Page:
Redditors Made Calling Out Chronic Illness ‘Fakers’ a Pastime. Their Targets Call it Harassment

“I’m supposedly faking every single aspect of my identity for some Instagram followers,” one target says.

Jack Needham
OneZero
Published in
10 min readOct 15, 2020

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Photo illustration sources: MR.Cole_Photographer/FS Productions/Getty Images

At the height of summer last year, Sophie received an Instagram DM on her phone from an account she didn’t follow. “I’m going to make you disabled,” it read. With it came a photograph, one of her and her friends crossing the street. The photo suggested to Sophie — a 22-year-old who asked that her real name not be used — that not only did this stranger know where she lived, but they were watching her. The threat, and others like it that she’d been receiving for months, soon made her dread leaving the house. She did not know who the threats came from, but she knew where they likely got her name.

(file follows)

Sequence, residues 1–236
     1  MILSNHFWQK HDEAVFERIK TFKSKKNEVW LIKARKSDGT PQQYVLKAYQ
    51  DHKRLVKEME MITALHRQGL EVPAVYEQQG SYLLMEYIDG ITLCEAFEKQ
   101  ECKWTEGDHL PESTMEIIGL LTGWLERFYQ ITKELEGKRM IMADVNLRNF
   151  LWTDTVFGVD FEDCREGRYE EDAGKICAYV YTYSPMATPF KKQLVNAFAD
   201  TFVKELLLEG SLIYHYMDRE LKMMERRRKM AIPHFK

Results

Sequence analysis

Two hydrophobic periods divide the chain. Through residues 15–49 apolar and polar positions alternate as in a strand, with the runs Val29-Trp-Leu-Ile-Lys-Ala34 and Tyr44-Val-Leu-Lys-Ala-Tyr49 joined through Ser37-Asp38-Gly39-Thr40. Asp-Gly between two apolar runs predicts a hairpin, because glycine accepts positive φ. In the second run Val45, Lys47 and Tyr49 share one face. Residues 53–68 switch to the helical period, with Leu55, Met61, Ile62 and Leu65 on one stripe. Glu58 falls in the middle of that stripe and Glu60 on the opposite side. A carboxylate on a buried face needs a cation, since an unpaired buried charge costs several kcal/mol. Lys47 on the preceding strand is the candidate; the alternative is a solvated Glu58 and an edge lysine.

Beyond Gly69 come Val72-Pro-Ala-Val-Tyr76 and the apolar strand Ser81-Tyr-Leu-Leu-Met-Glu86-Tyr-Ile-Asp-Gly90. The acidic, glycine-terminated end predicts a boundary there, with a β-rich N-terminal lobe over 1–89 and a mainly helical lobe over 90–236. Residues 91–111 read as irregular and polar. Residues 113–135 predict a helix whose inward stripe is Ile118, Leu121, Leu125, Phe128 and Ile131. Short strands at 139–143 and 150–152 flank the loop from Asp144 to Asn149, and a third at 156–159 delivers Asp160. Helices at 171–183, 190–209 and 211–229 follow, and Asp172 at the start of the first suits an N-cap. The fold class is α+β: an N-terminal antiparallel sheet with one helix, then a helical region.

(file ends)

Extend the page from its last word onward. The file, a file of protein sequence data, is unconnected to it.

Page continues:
Since mid-2018, Sophie had been using her Instagram and TikTok accounts to chronicle her experience as an autistic woman living with Ehlers-Danlos syndrome (EDS). EDS is an inherited condition affecting connective tissue that causes a range of symptoms, from easily dislocated joints and hypermobility to fragile skin that splits easily and heals slowly. About a year after she started, a YouTuber who promotes themselves as a sort of Perez Hilton of influencer beef found her social media and…

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